Despite their competition with batteries based on magnesium and sodium over the past few years, Lithium-ion batteries have been used across the globe, and they remain essential due to their high capacity and density.
The problem is that lithium has critical concentration and availability issues. Nearly 85% of the reserves of the metal are situated in the so-called Lithium Triangle, a geographical area bordering Chile, Argentina, and Bolivia.
Moreover, it is assumed that the demand for lithium will increase exponentially in the next few decades due to the implementation of electric vehicles. A single car battery is equivalent to around 7,000 cell phone batteries. Thus, reusing their various components has become a matter of ultimate importance.
Particularly, a project based on research was conducted at the University of Cordoba (Spain) and San Luis University (Argentina), which involved Lucía Barbosa, Fernando Luna, Yarivith González Peña, and Álvaro Caballero.
The researchers could develop new lithium batteries from used cell phones, which are devices that have a low recycling rate and could get added to the never-ending list of electronic waste generated worldwide annually if not handled properly.
The scientists involved in this project identified a specific method to recycle the graphite in these devices, a material found in the negative terminals of batteries and serves to store and conduct lithium.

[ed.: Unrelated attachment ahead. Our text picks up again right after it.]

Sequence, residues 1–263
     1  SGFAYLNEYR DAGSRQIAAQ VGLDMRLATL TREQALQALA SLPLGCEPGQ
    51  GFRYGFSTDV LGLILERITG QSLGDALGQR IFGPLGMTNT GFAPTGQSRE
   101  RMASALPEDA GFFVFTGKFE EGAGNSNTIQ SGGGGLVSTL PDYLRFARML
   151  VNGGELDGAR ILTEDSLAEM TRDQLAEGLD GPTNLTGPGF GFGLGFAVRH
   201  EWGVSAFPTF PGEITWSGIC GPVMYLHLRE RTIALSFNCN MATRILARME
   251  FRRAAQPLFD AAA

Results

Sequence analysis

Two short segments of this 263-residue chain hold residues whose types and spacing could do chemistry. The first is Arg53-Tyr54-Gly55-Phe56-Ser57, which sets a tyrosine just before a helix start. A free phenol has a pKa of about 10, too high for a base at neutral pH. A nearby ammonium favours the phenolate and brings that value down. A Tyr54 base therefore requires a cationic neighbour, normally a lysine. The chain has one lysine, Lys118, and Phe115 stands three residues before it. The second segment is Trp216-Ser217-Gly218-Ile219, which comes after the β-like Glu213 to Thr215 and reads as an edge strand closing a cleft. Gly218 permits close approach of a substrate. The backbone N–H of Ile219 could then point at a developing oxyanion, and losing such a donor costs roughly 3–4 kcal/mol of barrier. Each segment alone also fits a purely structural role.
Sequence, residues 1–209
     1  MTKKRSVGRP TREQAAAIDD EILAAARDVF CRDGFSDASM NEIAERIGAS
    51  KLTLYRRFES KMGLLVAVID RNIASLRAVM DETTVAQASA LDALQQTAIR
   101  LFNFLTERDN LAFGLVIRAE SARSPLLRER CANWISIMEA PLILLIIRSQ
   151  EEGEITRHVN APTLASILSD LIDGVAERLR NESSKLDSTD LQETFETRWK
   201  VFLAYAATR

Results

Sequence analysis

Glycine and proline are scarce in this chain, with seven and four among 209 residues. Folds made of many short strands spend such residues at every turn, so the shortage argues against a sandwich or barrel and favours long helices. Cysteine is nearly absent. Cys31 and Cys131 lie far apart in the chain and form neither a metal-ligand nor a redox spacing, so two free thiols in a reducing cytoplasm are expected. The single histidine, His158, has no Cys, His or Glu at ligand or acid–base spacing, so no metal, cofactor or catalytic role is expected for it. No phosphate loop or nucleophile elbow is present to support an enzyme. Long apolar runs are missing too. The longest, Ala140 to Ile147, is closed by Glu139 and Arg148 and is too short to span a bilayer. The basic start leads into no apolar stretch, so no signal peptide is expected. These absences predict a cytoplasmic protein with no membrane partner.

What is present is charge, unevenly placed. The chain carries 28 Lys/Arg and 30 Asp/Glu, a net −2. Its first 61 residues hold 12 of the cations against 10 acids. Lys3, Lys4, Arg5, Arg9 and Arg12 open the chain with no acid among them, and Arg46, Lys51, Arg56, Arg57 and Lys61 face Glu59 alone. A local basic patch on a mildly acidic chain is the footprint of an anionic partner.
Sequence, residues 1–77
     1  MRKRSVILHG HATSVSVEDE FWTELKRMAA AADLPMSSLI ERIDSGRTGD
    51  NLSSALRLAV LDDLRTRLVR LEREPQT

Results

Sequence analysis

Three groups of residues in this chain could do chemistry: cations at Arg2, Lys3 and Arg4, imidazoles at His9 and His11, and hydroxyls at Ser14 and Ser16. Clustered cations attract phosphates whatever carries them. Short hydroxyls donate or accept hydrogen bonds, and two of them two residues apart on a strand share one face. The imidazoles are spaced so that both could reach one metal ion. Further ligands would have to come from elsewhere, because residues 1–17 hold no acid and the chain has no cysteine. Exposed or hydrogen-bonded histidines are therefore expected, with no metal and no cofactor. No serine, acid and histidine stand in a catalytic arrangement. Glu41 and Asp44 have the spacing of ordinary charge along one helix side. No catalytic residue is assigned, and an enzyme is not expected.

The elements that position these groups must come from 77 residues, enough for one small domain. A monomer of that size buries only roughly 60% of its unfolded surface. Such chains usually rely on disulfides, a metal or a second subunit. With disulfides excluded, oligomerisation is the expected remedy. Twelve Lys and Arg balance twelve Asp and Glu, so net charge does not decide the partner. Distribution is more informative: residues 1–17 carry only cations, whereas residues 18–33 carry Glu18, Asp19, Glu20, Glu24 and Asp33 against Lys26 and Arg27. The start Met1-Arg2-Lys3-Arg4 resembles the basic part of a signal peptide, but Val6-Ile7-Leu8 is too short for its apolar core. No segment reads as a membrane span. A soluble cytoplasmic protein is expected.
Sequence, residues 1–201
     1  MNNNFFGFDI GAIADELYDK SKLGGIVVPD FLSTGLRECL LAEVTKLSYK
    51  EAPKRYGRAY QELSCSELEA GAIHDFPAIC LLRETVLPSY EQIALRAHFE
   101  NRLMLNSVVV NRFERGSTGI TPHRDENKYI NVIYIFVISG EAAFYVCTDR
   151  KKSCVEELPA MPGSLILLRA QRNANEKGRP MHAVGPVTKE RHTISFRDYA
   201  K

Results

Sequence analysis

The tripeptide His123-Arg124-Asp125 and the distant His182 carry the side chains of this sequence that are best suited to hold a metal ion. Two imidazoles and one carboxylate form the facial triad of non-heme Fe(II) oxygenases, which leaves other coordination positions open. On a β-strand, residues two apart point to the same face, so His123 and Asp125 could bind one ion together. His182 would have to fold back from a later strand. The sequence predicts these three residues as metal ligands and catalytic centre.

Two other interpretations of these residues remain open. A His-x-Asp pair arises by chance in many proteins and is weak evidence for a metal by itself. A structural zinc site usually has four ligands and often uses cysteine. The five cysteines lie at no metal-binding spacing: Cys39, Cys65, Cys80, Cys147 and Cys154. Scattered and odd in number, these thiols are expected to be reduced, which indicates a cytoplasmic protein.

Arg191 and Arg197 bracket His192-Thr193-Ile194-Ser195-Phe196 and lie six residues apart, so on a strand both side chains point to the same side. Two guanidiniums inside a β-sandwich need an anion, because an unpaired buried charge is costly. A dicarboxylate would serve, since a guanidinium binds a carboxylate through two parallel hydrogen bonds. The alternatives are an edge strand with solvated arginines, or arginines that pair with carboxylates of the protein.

Professor Álvaro Caballero, one of the lead authors of the study, pointed out that the scientists could remove the impurities of used graphite, rearrange its structure, and reactivate it for fresh use.
An intriguing fact is that graphite constitutes a quarter of the total weight of a lithium battery. Thus, upon recycling, “we are recovering 25% of the whole energy storage system, a fact that is all the more relevant considering that this material comes from crude oil,” stated Caballero.
In this study, another essential aspect was the feasibility of eliminating the use of cobalt on the positive terminal of the new recycled battery, which is extensively used in the mobile device sector.
Cobalt is a toxic element that is more expensive than others like manganese and nickel, which were used in this research.
Fernando Luna, Study Lead Author and Researcher, University of Córdoba
Moreover, it is one of the known blood minerals, whose mining, such as coltan mining, is linked to mines in conflict zones.
As per the findings of the study, “the results are comparable and in some cases better than those obtained from commercial graphite.” A few tests revealed that in best-case scenarios, the capacity of the battery is maintained even after a hundred charge cycles, which is equivalent to the performance of nearly a year.
Although the results are promising and the tests were performed on complete cells of a real battery, the study was carried out in the lab on a small level. Therefore, there is still a long path to tread until this manual process of recycling can be standardized.
Currently, more than 90% of lead battery components used in conventional vehicles are reused. If we opt for sustainability and the democratization of electric cars, large-scale recycling of lithium batteries has to come about.
Álvaro Caballero, Researcher, Department of Inorganic Chemistry and Chemical Engineering, University of Córdoba
The study, which involved the FQM 175 research team from the School of Science at the University of Cordoba and the University Institute of Nanochemistry (abbreviated to IUNAN in Spanish) participated, was funded by the Ministry of Science, Innovation, and Universities within the framework of the project titled “Advances in lithium-sulfur battery technology: safety, sustainability, and Performance.”